Unfortunately, Edward Lucas not only strays from the main issue here – I also beg to differ on some scores. First: Estonia is not ex-communist. That rolls off the tongue easily in journalistic shorthand, but doesn’t tell the rest of the story. Estonia, Latvia and Lithuania were three occupied European countries and what we are dealing with – still, and for a long time to come – is the detritus of occupation. We are still recovering in many respects from having been essentially in ruins or simply ruined, and the Savisaar “accepting large political direct contributions from Russia” allegations are but one example of many of Russia keeping her finger in the pie. One effort of many to weaken the position we have reattained in the West.
I also beg to differ on the “joining the euro as triumph” notion. What Estonia needs is independence and autarchy, not dependency on a distant Central Bank in Frankfurt. Considering the state the euro is in right now – the state that the European project is in – Estonia is a patsy and the teacher’s pet receiving a booby prize. To use Yiddish, we are the schlemiels of Brussels.
Now on to the case of Edgar Savisaar. To suggest that Mr. Savisaar substantially helped bring independence to Estonia is part of the glad-handing glossy spin of the late eighties. The party line. Mr. Savisaar and his cronies managed to usurp Estonia’s Singing Revolution of that period and skillfully guided popular discontent into their own political riverbed. They branded themselves as Estonian patriots because it was useful at the time. Immediately before being overtaken by the Singing Revolution, Savisaar was actually one of the authors of very significant Soviet-era plans to keep Estonia part of the Russian Empire, but with greater autonomy (the Self-Managing Estonia IME scheme). Like those who were slow to quit the Communist Party of Estonia, Savisaar was an opportunist Johnny Come Lately as concerns aspirations for true independence, and in a number of respects has actually been a spoiler.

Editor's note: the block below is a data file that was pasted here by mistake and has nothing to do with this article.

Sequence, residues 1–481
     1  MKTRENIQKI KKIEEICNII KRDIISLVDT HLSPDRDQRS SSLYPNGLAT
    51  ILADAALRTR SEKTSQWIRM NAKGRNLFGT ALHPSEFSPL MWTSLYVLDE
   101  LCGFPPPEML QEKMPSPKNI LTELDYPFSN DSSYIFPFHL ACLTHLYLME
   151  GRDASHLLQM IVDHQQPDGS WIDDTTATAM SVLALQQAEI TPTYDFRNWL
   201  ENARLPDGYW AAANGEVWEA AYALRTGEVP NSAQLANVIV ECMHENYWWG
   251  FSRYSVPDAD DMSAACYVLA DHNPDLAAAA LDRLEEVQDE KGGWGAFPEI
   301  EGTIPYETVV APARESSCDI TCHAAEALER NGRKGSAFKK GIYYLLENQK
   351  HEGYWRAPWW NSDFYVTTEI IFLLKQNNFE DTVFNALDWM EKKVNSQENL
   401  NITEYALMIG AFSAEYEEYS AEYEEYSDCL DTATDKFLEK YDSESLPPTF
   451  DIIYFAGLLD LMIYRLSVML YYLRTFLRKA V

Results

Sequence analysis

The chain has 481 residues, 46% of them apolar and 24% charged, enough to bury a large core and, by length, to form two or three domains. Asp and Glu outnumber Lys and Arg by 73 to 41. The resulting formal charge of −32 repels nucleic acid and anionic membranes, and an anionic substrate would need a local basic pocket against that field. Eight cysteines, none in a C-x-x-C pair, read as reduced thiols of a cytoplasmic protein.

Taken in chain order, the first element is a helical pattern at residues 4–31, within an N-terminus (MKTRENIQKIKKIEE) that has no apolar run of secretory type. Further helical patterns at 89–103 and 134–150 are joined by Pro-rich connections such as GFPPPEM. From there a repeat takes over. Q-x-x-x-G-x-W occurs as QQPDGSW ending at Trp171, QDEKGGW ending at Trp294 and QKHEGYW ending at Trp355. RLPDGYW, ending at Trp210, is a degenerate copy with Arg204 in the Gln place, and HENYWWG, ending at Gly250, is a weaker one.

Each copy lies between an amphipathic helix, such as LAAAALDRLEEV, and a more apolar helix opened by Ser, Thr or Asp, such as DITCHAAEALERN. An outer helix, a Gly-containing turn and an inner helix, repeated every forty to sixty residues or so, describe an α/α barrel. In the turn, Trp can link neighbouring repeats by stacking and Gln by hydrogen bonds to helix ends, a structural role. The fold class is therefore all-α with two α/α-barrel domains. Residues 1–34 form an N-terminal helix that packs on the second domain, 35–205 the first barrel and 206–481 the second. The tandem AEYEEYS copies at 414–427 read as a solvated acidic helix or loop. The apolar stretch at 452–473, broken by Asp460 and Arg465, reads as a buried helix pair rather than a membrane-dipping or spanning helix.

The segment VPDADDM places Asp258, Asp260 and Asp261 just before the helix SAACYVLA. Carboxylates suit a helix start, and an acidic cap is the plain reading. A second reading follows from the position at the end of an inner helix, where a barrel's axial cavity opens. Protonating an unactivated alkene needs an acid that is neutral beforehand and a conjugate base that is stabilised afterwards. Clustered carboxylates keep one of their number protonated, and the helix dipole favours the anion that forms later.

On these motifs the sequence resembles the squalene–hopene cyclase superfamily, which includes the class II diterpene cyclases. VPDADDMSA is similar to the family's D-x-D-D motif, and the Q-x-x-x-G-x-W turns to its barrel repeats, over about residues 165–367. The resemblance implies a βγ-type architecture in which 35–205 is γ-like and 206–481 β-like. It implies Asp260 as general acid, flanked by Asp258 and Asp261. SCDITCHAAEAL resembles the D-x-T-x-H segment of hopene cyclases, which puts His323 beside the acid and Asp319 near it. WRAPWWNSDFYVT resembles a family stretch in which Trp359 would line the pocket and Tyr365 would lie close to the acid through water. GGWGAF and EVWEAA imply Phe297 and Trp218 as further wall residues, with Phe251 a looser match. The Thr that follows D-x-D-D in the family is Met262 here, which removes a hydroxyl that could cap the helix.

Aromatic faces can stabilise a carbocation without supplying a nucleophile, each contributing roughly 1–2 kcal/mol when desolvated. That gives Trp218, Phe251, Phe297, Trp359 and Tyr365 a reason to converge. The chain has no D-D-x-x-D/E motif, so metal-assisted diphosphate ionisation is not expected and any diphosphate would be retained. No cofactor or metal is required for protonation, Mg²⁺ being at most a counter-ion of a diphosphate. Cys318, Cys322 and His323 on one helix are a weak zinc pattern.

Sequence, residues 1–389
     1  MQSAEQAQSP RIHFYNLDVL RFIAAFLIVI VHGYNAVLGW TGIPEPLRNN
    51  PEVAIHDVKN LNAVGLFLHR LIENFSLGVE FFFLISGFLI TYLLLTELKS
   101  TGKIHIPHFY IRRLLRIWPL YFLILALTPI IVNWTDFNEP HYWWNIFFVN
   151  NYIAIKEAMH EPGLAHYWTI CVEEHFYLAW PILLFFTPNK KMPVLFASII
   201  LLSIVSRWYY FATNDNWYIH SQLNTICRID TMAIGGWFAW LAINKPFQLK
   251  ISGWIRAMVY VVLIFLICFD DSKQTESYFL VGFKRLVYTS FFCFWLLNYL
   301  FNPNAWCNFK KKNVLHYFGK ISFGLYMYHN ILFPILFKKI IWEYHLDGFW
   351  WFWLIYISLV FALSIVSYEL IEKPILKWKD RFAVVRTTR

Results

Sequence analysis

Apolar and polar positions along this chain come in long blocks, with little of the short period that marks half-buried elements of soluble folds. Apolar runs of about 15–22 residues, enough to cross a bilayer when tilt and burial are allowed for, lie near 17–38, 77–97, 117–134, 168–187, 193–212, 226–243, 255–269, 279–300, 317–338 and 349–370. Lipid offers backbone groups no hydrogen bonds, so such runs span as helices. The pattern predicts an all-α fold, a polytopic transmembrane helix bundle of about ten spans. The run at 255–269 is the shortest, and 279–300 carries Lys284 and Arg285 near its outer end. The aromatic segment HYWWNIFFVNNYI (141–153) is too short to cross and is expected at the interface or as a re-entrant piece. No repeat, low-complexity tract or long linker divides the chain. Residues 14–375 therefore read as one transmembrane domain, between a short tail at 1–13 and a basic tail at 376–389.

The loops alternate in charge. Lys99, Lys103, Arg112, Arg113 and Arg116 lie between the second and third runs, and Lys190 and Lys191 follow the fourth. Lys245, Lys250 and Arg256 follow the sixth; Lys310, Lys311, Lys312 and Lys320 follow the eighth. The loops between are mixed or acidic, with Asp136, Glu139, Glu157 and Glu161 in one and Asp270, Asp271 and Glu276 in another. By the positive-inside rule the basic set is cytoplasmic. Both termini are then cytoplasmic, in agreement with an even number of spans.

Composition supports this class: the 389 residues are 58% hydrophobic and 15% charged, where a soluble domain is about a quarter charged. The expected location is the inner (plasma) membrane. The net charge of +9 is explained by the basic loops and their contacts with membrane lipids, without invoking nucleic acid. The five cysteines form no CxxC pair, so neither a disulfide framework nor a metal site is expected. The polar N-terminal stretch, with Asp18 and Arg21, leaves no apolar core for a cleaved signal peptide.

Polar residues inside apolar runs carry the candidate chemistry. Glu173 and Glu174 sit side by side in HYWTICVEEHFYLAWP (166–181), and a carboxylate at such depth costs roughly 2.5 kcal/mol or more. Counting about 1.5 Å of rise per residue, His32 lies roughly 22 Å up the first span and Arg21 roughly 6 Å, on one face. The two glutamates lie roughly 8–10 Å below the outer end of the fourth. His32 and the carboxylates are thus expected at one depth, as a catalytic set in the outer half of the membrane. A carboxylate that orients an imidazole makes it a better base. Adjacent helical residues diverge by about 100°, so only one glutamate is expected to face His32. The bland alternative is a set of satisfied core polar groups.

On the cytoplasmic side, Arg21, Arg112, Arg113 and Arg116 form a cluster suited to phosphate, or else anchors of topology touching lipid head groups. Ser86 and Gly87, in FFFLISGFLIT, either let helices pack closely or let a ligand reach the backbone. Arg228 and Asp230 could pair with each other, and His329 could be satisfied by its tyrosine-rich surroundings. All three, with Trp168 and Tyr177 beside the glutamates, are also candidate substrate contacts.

Mayor Savisaar is like Boss Tweed in the way that he runs Tallinn. Savisaar makes Silvio Berlusconi and Bill Clinton look like altar boys. The fact that the Estonian media have now uttered the A-word – meaning Edgar Savisaar has been openly accused by a number of publications of being an agent of influence of the Kremlin – is a breakthrough to be greeted. Known to many, but previously uttered by few.